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Evolutionary discoveries in penguin study

Evolutionary discoveries in penguin study

As the great Antarctic icebergs have broken off and shifted throughout the centuries it now seems their movement caused more lasting change than has been understood.

Massey University scientists now report the movement of the icebergs has caused dramatic environmental changes that have contributed to microevolution among colonies of Adelie penguins.

The research by the team in New Zealand is the cover story in the latest edition of a prestigious American based science journal, PNAS, appeared in the latest issues of National Geographic and is making headlines world wide.

PNAS is the proceedings of the National Academy of Sciences of the United States of America. Its contents are closely followed by the world science community.

The research team is led by evolution biologist, Distinguished Professor David Lambert and, based at the Allan Wilson Centre for Molecular Ecology on the Auckland campus. Microevolution involves any genetic changes within a species level, such as bacteria acquiring antibiotic resistance. Detecting such changes over a long period can be difficult, says Profesor Lambert.

Professor Lambert has studied Adelie penguins for some years. A number of unique characteristics made the penguins ideal for evolution focused research.

The penguins have dense nesting colonies and the adult birds commonly return to the same birth site, giving a stable population of the same birds. Beneath the colonies there are well preserved layers of ancestor bird remains from which the research team have been able to take samples.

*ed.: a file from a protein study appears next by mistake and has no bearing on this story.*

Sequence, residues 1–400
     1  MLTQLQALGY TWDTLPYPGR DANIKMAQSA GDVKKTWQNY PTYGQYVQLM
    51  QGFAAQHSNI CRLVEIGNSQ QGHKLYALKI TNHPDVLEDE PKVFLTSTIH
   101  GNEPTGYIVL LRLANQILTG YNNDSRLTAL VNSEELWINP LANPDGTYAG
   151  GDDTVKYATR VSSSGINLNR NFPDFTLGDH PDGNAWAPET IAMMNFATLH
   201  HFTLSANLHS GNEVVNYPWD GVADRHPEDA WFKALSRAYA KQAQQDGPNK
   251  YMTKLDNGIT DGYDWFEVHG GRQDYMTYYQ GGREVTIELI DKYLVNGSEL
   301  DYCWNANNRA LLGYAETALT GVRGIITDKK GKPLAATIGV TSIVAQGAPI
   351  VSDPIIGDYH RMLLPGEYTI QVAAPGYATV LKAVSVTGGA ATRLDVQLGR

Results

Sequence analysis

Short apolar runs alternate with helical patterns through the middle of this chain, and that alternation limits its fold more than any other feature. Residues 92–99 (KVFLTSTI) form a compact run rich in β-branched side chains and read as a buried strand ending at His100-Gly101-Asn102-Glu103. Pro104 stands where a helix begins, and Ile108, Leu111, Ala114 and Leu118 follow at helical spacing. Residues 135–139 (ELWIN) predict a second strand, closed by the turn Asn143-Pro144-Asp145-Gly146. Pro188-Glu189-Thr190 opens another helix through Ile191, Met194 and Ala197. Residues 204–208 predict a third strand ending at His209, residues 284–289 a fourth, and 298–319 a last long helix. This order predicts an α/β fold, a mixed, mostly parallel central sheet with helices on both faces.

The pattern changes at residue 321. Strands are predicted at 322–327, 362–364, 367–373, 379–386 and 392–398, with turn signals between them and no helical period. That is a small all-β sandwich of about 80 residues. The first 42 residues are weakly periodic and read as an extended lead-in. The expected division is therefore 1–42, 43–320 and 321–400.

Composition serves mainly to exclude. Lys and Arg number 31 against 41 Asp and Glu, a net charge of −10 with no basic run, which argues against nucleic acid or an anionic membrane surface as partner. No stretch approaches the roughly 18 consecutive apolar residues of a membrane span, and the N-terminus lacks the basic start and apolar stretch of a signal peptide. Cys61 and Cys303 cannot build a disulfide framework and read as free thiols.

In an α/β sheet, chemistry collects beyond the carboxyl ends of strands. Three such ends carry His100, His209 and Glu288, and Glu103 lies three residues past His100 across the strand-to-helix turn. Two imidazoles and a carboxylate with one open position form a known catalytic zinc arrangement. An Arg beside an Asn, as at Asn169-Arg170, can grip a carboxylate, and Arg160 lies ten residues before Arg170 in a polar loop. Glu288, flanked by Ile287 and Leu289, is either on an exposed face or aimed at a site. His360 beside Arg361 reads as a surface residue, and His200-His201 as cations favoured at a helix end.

The researchers carried out DNA sequencing from samples taken from both the 6,000 year old remains and from the modern colony.

Significant changes were observed in the frequency of genes between these two groups. Becauuse the sequences studied were from noncoding DNA regions, the microevolution was not likely to have arisen from natural selection.

The scientists believe gene mixing could be the cause of microevolution in the penguins. The gene mixing could have come about when colonies were scattered, through sudden disruption of their environment by some outside factor such as iceberg movement.

In 2001 a ‘mega-iceberg’ broke off from the Ross ice shelf and drifted near many nesting colonies, blocking the swim paths of penguins and forcing them to migrate to more accessible colonies.

Mega-icebergs on the move have been a repeated historical phenomenon. Their shifts are likely to have precipitated penguin evolution by displacing the birds, says Professor Lambert’s team.

ENDS

See... Full paper (PDF)

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